The Fire on the Sand

Wild waterspouts put tendrils down to naked sea.
White water sucking bait-fish into the heavens
Migloo, puffing whale, meanders northward
As Minjerriba slumbers under a soft molten sky

Island serpent hidden in sand takes refuge from mining
Pumps, centrifuges and scoundrels building castles
Standing high on dune called Bippo Penbean
Overlooking Vance – a mining ruin
Grass trees planted in rows by machine

Sovereign rights held by Quandamooka people
Always was, always will be, aboriginal land
Mining leases rigged as security cameras set up on bush tracks
To deter walkers

whale shark remora
Whale Shark and Remora

Government practices simple arithmetic in mine and space
Foreign machines process coloured sands without a worker in sight
Upside down swimming dolphin calf at North Gorge
Sun become amber and then crimson

Finally wind worn sea eagle, Karboora, dies
And there was fire on the sand

Gannets poised aloft dive for fish
Winter whiting arrived at last,
Braminy Kite lingers as the moon rises,
Wild whales encrusted pass Point Lookout
Followed by despot yatch on a democratic sea
And wet suited surfers are bonding beyond the waves
As fishermen jag fish out of crowded schools

A low necked gull asserts dominance in the flock,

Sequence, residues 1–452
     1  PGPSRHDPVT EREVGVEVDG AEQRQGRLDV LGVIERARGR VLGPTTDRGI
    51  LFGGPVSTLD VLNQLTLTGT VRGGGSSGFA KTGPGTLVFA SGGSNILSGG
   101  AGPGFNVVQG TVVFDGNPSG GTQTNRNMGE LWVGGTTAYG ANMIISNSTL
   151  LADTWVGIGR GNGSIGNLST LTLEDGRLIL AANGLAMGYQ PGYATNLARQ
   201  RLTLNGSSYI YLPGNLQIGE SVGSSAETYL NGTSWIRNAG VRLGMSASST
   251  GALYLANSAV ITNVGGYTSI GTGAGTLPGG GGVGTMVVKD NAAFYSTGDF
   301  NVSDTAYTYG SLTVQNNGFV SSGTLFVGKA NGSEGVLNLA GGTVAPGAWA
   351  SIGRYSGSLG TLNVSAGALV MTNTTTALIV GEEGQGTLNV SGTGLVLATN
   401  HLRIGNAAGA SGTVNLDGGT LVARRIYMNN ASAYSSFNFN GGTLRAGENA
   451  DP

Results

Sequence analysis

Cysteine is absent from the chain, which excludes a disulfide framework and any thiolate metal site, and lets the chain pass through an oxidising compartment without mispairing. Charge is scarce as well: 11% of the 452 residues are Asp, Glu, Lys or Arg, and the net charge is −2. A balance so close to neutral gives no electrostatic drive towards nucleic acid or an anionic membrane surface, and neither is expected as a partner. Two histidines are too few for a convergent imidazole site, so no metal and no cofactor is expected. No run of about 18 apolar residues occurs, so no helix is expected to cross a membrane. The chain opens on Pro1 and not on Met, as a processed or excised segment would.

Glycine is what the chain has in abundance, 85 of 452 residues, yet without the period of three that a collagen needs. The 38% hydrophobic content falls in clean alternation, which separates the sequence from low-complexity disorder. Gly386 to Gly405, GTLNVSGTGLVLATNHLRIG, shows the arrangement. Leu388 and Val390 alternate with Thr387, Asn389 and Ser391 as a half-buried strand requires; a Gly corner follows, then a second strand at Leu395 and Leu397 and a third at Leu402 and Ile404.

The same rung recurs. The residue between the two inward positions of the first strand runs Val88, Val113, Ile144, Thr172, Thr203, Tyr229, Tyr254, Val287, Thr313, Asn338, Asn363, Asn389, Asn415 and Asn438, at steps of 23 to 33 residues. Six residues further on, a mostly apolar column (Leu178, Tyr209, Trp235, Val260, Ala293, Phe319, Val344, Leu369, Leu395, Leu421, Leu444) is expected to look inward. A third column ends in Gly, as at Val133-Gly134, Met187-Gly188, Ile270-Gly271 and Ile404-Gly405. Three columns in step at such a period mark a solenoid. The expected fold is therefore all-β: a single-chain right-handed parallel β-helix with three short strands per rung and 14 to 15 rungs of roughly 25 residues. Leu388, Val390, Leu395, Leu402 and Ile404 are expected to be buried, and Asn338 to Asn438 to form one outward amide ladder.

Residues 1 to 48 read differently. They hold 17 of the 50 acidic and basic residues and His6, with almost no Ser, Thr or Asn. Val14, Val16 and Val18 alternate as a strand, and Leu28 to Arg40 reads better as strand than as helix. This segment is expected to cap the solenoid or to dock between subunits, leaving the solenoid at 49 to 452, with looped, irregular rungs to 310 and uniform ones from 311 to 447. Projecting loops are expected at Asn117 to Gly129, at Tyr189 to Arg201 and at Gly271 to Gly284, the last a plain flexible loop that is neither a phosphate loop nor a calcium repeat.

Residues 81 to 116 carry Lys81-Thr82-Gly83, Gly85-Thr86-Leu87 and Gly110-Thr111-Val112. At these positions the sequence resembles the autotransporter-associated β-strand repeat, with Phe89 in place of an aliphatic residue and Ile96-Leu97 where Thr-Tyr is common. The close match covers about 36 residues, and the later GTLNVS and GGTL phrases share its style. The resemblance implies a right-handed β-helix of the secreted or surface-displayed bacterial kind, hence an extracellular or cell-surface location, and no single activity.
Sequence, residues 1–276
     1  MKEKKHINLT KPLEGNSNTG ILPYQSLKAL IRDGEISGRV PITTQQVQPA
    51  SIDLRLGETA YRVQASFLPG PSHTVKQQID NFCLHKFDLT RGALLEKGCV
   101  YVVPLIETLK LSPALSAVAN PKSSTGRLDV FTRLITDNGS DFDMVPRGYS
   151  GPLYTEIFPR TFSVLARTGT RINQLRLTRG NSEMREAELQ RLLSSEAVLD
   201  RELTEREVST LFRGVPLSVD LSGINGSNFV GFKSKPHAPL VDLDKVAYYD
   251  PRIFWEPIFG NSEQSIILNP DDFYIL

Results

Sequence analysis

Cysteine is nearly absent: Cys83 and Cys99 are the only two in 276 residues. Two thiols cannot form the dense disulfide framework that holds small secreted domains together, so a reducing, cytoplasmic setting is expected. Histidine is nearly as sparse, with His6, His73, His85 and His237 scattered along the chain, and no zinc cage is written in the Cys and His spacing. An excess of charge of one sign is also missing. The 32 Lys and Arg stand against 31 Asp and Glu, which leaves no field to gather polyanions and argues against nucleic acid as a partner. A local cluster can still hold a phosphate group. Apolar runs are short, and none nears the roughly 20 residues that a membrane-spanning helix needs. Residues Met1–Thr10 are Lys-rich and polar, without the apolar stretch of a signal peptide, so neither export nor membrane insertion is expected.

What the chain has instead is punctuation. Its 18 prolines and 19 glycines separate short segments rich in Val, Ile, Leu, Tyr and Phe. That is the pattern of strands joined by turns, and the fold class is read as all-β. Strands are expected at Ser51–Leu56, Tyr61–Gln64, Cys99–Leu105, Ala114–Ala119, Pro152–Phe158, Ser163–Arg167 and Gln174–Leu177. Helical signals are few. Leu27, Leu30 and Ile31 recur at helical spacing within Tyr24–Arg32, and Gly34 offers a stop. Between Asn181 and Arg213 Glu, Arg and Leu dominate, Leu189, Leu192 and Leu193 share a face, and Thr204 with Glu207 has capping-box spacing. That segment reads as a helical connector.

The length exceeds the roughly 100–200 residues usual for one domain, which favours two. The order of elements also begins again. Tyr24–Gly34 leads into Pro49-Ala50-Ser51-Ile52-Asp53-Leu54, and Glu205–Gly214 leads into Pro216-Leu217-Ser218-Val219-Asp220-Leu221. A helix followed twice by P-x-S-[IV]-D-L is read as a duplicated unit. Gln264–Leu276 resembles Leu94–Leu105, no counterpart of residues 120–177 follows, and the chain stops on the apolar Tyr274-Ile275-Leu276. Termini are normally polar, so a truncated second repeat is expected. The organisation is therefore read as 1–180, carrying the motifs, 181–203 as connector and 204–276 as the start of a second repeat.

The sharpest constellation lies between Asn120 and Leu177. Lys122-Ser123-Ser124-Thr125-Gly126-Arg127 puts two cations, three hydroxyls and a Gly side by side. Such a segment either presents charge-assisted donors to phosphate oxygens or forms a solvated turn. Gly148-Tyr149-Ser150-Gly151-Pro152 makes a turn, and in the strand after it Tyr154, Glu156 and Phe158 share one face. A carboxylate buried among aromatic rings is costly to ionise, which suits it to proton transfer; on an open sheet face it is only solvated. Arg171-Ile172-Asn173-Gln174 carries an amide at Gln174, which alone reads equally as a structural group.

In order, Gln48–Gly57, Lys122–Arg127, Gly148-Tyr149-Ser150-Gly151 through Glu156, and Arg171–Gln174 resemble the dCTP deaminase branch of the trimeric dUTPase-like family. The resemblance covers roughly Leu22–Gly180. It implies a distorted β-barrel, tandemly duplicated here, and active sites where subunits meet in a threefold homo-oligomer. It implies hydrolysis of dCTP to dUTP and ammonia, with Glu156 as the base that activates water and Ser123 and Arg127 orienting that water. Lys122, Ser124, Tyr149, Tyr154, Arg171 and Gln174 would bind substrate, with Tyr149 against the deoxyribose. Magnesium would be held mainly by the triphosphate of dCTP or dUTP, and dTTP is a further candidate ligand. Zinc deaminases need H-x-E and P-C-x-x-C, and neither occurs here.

Picking over carcasses

And Dolphins murder mullet on the edge of a cruel sea

Ian Curr
June 2011

[Music accompaniment and photo by Trevor Berrill on rythmn guitar. Graeme Walker was on lead guitar. Ian Curr was on harmonica.
Tune was ”Diamonds on the River” by Ian Curr with improvisations by Trevor & Graeme. This recording was made at Bim Bimbi on Lamington plateau on New Year’s eve 2011 – thanks also to Claire, Katherine & Sue for background noises provided while hand making delicious pasta.]

Thanks to all the Straddie poets who inspire – Oodgeroo, Judith Wright and Sam Watson. The title of this poem was inspired by Douglas Stewart’s radio play “The Fire on the Snow”. The poem was written in the month of June 2011  thanks to the love and support from Katherine – wonderful fruitcakes by Aidan – & Tango for his infectious enthusiasm but doubtful intelligence and the many friends that visited (and others that couldn’t) and made the month such fun. The phrase ‘a democratic sea’ comes from a Cuban poet whose name escapes me (thanks Lach).

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